Alanoca explained there are no smoke-free public areas in Bolivia. He insisted there should not be smoking and no-smoking areas (next to each other) because “the smoke doesn’t know how to read but, rather, goes where the wind takes it.”

Martín Maturano, the Vice-Minister of Health Promotion noted that other rules also fall short. “It’s forbidden to sell singles or partial packs, but this practice continues.” As well, kiosks on the street feature tobacco ads even though this is forbidden.

World No Tobacco Day in Gabon: focusing on policy

28 Jun, 13 | by Marita Hefler, News Editor

 

Photo and report credit: Thanguy NZUE OBAME, Service du Travail de la Lolo Bouenguidi a Koulamoutou and Mouvement Populaire Pour la Santé au Gabon (MPS-GABON)

World No Tobacco Day in Gabon focused on a number of high level meetings held with key authorities including the President of the National Assembly and the Minister Delegate to Health. Held from 28-30 May, the meetings were a chance to discuss government policy making in relation to tobacco control.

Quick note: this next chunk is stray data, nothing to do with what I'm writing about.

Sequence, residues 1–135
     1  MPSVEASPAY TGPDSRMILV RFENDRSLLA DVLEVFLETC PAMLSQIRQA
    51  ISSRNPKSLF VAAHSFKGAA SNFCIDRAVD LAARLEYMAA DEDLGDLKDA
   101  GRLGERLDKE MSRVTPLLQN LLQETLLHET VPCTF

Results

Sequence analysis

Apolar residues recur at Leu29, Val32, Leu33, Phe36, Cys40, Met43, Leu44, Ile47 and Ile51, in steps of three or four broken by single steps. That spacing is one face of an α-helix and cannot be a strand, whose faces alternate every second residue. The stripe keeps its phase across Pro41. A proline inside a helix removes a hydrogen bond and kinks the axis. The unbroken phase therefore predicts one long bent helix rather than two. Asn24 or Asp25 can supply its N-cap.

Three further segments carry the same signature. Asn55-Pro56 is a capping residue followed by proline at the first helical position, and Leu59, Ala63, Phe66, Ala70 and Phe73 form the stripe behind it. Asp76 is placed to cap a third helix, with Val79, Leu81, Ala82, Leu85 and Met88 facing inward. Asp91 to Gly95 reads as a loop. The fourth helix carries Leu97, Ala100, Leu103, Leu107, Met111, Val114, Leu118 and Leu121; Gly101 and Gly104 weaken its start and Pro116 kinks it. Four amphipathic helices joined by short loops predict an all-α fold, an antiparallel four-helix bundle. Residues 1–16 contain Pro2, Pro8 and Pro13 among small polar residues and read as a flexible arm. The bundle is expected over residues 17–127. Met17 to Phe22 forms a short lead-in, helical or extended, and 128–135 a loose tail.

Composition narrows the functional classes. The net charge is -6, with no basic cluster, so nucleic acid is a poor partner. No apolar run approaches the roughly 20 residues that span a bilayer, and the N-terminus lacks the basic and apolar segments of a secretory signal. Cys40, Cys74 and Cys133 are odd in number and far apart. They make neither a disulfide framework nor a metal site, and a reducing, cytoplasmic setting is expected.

On 30 May, a press luncheon hosted by NGOs and WHO was held to brief the media on Article 13 of the Framework Convention on Tobacco Control and its implementation in Gabon.

Finally on May 31, 2013, events culminated with an address by Mr Nzue Obame, the Resident Representative WHO and Ministry of Health. This was followed by the establishment of tobacco focal points and a briefing room of the dangers of tobacco in the building housing the school health services.

Gabon pic

 

USA World No Tobacco Day: Is this the world that tobacco ads hope to build?

28 Jun, 13 | by Marita Hefler, News Editor

 

 

This is the question asked in a short video produced by ASH USA to mark World No Tobacco Day.

View the video by clicking here.

USA pic

The Philippines: Tobacco ‘crime scenes’ pop up in the metro on World No Tobacco Day

28 Jun, 13 | by Marita Hefler, News Editor

Photos and report credit: Nichola Liboro, HealthJustice

On World No Tobacco Day in the Philippines capital Manila, commuters were stunned to find grisly crime scenes in various locations in the metro. The cause of death: tobacco.

Philippines pic 1